Six of us, 10 min each. A perfect arrangement, in my opinion. After five gloriously varied pieces (we read in alphabetical order), I read bits and pieces from "Train to Harbin."
Thank you Joanna Yas (& NYU) for hosting it!
Thank you Beth McCabe & The Rona Jaffe Foundation -- and our anonymous nominators & jury -- for absolutely everything.
The 2016 O. Henry Prize Stories is officially out, and I'm very lucky to have "Train to Harbin" included in it -- and to have Molly Antopol select it for her juror favorite! First published in The Hudson Review and reprinted in the 2016 Pushcart Prize anthology, "Train to Harbin" is a companion story to "The Visitor," which was included in the 2013 O. Henry Prize Stories. In the "Writers on Their Work" section of this year's anthology, I write about the relationship between the two stories.
Here's Laura Furman’s introduction to this year's selection. (Thank you, Laura Furman!)
Here's Molly Antopol's juror essay on "Train to Harbin." (Thank you, Molly Antopol, for the attentive reading!)
Here's Kelly Luce's essay on selecting this year's O. Henry Prize stories (Thank you, Kelly Luce!).
Here's the Kirkus Review on this year's anthology (in which "Train" gets a small mention!).
I'm very pleased to be receiving a 2016 Rona Jaffe Foundation Writer's Award this fall. This year, there are three fiction writers, two nonfiction writers, and one poet receiving this award.
We'll also be giving a short reading as part of New York University's Creative Writing Program Reading Series at the Lillian Vernon Creative Writers House on Friday, September 16 at 7 pm.
It's official: "Train to Harbin," first published in The Hudson Review, is included in this year's O. Henry Prize Stories (thank you Laura Furman!). The story is featured on LitHub (thank you LitHub!). You can read it here. The list of all twenty O. Henry Prize winners can be found here. The anthology is due out in September.
"Train to Harbin" is a companion story to "The Visitor," which was included in the 2013 O. Henry Prize Stories anthology.
Sadly, due to multiple moves this summer, my copy of the anthology has yet to make its way to me. I'll update this post, once it arrives. For now, I'll just say that I'm lucky to have a story included here, thanks to The Hudson Review and all the wind they've put behind this sail.
"Train to Harbin" was first published in the Autumn 2014 New Writer's Issue (Volume LXVII, No. 3) of The Hudson Review. You can read the story here.
I also stumbled across this awesome blog with excellent reading notes, including notes on the various pieces from this year's Pushcart Prize anthology. I was delighted to read the entry on "Train to Harbin" -- I felt very lucky.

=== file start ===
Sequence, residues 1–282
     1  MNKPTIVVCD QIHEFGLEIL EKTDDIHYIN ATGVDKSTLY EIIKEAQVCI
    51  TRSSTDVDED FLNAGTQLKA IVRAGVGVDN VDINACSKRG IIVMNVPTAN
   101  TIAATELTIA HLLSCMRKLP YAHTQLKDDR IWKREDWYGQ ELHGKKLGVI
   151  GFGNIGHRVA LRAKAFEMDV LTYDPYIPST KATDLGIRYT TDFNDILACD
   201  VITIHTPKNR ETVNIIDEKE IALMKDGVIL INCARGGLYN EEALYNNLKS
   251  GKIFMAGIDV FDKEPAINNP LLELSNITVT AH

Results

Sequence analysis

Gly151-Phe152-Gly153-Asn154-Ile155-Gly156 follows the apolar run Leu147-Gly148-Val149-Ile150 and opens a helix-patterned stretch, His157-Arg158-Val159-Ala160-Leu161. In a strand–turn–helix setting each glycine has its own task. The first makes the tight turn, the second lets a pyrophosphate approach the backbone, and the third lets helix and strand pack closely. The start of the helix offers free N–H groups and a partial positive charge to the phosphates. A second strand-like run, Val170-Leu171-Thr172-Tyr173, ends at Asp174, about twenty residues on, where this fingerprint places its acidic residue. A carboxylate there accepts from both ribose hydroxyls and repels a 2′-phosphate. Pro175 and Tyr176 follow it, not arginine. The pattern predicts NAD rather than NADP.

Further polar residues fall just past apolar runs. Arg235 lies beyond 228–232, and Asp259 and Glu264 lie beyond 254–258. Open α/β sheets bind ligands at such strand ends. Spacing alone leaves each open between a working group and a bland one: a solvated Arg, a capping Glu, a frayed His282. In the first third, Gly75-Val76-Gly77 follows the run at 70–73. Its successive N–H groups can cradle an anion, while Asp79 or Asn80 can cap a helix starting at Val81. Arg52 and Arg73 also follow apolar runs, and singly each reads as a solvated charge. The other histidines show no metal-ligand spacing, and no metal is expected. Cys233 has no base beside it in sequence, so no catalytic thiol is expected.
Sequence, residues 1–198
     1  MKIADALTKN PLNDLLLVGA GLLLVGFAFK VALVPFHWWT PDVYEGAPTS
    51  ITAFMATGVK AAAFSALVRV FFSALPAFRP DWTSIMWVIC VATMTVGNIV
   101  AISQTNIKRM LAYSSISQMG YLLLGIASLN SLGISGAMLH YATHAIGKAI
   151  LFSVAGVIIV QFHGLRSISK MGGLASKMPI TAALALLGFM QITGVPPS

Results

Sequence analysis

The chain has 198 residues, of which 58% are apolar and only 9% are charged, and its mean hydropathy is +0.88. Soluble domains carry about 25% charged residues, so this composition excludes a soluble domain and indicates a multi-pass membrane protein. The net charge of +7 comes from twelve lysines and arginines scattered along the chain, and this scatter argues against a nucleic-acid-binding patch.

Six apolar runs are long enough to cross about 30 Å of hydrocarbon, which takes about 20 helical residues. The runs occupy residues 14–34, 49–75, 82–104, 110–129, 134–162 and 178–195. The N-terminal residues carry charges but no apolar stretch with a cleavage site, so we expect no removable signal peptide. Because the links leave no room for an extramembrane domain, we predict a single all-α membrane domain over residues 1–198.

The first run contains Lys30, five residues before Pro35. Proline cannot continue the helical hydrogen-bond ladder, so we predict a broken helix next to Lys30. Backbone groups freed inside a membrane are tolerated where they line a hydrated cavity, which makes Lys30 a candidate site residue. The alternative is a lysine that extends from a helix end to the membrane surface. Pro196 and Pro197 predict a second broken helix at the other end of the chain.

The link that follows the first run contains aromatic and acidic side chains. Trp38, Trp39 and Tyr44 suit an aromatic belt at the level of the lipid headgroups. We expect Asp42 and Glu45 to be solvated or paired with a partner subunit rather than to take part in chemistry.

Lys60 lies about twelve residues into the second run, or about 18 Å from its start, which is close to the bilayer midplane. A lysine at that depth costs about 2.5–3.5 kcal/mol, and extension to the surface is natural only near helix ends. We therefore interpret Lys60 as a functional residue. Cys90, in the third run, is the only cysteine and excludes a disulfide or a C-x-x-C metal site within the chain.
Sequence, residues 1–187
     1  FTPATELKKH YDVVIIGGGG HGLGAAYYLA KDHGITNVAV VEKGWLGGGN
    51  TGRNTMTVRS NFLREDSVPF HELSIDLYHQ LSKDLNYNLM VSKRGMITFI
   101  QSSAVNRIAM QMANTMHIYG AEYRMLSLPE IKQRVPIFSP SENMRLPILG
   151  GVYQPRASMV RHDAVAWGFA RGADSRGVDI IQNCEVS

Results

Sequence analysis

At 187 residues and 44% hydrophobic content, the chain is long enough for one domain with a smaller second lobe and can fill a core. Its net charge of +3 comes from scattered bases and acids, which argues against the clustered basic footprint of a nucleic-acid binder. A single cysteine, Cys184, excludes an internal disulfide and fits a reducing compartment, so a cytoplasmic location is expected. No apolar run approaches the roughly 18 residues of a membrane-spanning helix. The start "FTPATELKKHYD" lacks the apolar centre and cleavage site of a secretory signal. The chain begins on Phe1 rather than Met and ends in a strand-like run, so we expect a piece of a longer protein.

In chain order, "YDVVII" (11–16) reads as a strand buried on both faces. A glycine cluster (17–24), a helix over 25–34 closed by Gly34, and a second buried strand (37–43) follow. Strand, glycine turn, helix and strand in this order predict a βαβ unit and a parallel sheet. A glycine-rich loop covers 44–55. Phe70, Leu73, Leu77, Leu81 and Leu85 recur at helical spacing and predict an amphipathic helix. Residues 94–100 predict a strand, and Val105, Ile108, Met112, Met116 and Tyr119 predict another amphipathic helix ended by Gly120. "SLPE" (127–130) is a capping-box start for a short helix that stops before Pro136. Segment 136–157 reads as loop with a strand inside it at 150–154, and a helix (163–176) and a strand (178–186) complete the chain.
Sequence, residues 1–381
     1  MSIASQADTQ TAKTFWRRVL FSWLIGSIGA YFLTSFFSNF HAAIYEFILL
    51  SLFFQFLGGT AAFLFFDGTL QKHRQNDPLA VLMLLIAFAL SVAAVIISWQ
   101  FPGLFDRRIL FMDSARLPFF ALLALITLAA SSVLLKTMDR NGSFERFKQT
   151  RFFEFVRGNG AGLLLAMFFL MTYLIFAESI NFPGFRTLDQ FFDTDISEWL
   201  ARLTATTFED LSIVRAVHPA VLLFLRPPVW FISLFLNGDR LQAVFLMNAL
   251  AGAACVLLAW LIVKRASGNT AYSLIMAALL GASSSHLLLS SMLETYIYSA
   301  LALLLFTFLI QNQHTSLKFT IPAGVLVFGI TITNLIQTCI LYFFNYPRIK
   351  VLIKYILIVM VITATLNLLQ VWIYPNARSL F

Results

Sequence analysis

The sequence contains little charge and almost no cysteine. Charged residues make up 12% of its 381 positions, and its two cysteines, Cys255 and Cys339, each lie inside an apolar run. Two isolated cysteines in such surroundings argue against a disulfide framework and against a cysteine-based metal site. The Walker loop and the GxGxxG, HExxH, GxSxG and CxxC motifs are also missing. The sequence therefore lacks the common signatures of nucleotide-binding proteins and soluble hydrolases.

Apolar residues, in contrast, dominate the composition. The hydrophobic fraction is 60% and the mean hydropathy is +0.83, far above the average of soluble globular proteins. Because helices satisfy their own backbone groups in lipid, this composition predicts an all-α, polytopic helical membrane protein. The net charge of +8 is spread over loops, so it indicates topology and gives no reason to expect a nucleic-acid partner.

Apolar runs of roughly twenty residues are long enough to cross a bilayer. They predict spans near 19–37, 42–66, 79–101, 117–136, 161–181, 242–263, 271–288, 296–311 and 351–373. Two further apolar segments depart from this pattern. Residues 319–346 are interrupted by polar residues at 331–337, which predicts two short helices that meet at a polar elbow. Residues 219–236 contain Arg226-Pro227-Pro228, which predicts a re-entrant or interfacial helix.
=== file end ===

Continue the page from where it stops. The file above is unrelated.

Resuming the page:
7 months of this.
(Though it did sort of snow after this picture...)
I think it'll be an inspiring & productive stretch. Really really grateful.
For many reasons, I struggle to answer questions like these. So I mostly ended up talking about revision, where it all seems to be at for me.
Read it here.
For stuff about the experience of writing "The Visitor," see "The Writers on Their Work" section at the back of the anthology itself.
Way back, when I was a senior in high school, I received a writing award from the English Department. I was in Japan, in Tokyo, having moved back there for the last two years of my high school. The school was called -- is still called -- the American School in Japan. I hated it, except that I made some very good friends and was encouraged to read and write and read some more. This was before I wrote my first story; all I had written were papers and essays and a smattering of embarrassing poems I mercifully showed no one except a couple of close friends, who I have to hope saved no copies of them. The writing award came with a gift. It was wrapped in washi, traditional Japanese paper, and contained a copy of that year's O. Henry Prize Stories, signed by everyone in the department. Having gone to British-based International Schools all my life in countries where access to English-language books were mostly limited to English classics curated by the school library, it was my first introduction to the prize and anthology. It's a strange feeling now to see my name included here and see the spine next to the one I had received all those years ago. It's nothing I ever imagined back then -- it had not yet crossed my mind that I would one day write fiction.
There is something about receiving an acceptance phone call (as opposed to an email) that adds to the flush of excitement. The call from Antioch happened as I was walking into a Staples in Chicago. It was the momentary confusion that preceded the surprise that made that call wonderfully -- memorably -- stressful.